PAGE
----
“When in the Course of human events it becomes necessary for one people to dissolve the political bands which have connected them with another and to assume among the powers of the earth, the separate and equal station to which the Laws of Nature and of Nature’s God entitle them, a decent respect to the opinions of mankind requires that they should declare the causes which impel them to the separation.” 

U.S. Constitution

The Constitution and the related Bill of Rights and other Amendments describe the laws and principles upon which our country was founded.

“We the People of the United States, in Order to form a more perfect Union, establish justice, insure domestic Tranquility, provide for the common defence, promote the general Welfare, and secure the Blessings of Liberty to ourselves and our Posterity, do ordain and establish this Constitution for the United States of America.”

Take a car trip across the country.

Take a Car Trip Across the Country

Most of us grow up in only one part of the country. 61% of us live in the city area in which we were born. Thus our view of the rest of the U.S. is often skewed toward the environment in which we were raised. However, the reality is that the geography, the customs, the weather, the dress, the way of speaking etc. vary all across the country.

Traveling through the country allows one to appreciate the strength we have in our diversity and the country’s natural beauty and to see first-hand how varied our cultures are.

Take a course on American history.

Take a Course on American History

When I think of this action, I am reminded of how important it is to many adopted children to find out where they came from – to find their birth parents – in an effort to help them understand who they are and how their personal history is composed. Knowing our roots helps put our life in a real perspective, even if the reality isn’t what we hoped for.

Understanding the history of this country is important for similar reasons. It has taken so much to get from our colonial status in 1776 to today’s modern world – wars, day-to-day hardship, courage, imagination, creativity, going against the norm, and so on.

Understanding our country’s history helps us see things in perspective and helps us avoid making the same mistakes in the future. It makes us aware of what it took to attain our freedoms and reminds us of what we must do to keep them. If one doesn’t appreciate what one has and what it took to attain it, it is easy not to give it the respect and attention it needs. And history has shown that when a country takes what is has for granted and begins to believe that it is entitled to what it has, decline begins. Good things are worth taking care of and what we have in this country is generally quite good.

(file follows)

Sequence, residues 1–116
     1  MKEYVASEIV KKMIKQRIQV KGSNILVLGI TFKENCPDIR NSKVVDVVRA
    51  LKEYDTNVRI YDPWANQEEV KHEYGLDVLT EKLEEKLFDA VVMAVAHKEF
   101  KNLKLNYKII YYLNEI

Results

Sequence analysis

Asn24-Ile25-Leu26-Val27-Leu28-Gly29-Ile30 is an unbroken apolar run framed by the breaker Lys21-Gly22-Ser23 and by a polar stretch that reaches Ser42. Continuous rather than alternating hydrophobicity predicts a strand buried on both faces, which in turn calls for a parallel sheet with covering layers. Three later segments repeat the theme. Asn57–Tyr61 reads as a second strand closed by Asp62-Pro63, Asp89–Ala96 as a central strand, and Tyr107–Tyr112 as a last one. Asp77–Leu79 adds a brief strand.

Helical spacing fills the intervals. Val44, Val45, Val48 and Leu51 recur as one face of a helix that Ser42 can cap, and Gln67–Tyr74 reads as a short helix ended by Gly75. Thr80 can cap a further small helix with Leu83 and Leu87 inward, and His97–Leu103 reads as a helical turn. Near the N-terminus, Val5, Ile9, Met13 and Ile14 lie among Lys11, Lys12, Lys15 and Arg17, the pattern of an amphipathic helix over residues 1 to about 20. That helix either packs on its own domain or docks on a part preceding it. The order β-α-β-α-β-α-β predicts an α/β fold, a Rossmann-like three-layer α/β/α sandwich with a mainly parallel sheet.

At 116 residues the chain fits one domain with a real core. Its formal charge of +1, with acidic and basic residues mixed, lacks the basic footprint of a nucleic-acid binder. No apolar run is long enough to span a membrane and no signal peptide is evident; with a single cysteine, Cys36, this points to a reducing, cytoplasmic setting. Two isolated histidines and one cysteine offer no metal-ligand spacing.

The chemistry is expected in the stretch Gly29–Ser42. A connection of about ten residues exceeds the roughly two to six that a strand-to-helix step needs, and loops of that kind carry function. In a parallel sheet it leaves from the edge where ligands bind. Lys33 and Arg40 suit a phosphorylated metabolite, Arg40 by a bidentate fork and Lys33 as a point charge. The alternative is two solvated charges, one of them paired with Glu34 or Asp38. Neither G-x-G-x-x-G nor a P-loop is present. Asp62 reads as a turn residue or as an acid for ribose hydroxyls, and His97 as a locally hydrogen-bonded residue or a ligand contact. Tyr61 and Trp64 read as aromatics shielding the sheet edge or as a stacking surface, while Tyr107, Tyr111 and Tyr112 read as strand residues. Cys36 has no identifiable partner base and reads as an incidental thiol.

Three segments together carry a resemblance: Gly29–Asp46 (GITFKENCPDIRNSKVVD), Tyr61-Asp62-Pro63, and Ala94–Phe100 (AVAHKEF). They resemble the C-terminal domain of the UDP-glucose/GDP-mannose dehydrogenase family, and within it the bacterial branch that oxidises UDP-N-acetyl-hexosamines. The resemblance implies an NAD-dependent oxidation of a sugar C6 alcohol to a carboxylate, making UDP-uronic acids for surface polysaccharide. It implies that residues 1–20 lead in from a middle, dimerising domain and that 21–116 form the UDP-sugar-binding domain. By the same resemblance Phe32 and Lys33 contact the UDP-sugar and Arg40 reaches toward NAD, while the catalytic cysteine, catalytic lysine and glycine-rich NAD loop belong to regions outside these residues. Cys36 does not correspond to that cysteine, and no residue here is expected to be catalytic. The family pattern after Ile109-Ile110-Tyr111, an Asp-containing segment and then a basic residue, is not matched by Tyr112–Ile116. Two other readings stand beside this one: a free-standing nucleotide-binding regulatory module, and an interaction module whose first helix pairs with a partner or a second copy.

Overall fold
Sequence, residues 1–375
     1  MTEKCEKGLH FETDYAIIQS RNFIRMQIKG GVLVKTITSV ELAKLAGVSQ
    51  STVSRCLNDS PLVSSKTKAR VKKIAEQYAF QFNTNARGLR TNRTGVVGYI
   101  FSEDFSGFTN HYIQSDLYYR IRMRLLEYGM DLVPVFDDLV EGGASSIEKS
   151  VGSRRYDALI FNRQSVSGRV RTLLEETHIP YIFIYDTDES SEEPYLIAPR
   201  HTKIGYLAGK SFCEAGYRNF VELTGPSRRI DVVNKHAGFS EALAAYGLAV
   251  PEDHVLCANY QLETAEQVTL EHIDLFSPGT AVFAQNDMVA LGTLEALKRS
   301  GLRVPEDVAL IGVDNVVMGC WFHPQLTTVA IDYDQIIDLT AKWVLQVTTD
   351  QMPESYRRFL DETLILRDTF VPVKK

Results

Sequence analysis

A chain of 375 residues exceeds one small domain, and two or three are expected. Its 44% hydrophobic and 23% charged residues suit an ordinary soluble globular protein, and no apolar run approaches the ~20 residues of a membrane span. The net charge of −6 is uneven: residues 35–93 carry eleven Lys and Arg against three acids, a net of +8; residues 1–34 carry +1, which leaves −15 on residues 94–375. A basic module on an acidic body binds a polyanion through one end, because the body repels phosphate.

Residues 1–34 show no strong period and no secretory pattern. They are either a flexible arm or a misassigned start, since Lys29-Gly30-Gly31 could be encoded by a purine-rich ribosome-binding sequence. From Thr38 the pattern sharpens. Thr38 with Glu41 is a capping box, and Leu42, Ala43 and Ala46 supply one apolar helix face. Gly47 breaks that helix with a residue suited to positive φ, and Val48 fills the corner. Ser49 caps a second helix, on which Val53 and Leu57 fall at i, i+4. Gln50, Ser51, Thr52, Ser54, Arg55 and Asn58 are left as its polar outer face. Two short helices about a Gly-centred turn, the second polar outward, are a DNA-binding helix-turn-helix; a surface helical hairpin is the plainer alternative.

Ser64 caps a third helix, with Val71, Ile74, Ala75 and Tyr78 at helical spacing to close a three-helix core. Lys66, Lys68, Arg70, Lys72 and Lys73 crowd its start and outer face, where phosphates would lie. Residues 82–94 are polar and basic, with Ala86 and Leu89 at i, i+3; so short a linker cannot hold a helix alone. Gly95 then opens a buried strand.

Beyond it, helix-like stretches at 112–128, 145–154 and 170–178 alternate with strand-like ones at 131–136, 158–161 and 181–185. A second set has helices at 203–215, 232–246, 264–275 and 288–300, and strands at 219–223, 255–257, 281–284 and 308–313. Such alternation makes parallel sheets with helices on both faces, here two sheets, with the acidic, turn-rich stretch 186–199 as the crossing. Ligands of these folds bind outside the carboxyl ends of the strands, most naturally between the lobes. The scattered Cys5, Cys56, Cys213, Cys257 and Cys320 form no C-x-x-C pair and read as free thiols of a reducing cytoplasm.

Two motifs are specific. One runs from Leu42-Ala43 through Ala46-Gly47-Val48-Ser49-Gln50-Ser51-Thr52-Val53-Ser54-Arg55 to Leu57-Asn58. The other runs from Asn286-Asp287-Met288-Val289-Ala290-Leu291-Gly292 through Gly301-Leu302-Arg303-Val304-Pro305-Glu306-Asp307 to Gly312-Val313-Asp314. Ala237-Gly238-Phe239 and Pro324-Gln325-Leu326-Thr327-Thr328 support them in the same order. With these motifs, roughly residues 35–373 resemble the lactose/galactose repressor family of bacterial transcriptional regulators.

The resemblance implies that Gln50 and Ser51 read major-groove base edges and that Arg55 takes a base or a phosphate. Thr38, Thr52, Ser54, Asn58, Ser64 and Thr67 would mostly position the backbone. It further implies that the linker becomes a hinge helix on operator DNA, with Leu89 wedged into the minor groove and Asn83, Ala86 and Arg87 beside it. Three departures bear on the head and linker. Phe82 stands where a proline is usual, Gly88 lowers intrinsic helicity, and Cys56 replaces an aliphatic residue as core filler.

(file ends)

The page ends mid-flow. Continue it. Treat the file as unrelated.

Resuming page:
Taking a course on American History is a good way to understand our history. Taking a course, as opposed to reading a book, gives one an opportunity to discuss historical events with others and hear other perspectives.

There is a wonderful series of U.S. history videos for kids developed by TimeCycle Academy.

Teach your children some "Americana-type" songs.

There are many wonderful songs that reflect our heritage – wonderful not only in their music but wonderful in their words and tradition.

These songs, and the circumstances under which they were written, tell stories of our country’s struggle for freedom, of our citizens’ struggles for equality, and simply of day-to-day living. There are also wonderful renditions of many of these songs which reflect our diversity and the musical culture of our times.

Teaching your children some of these songs does a few things. It:

  1. keeps the songs part of our heritage,
  2. passes on the messages in these songs to a new generation, and
  3. gives each of us a chance to remember some of these songs or to learn new ones – and in the process reminds us of important pieces of our country’s history.

The Star Spangled Banner, America the Beautiful, I’ve Been Workin’ on the Railroad, My Country Tis of Thee, and Swing Low Sweet Chariot are a few I remember growing up – but there are many many more. What are your favorites?

Teach your children the states and their capitals.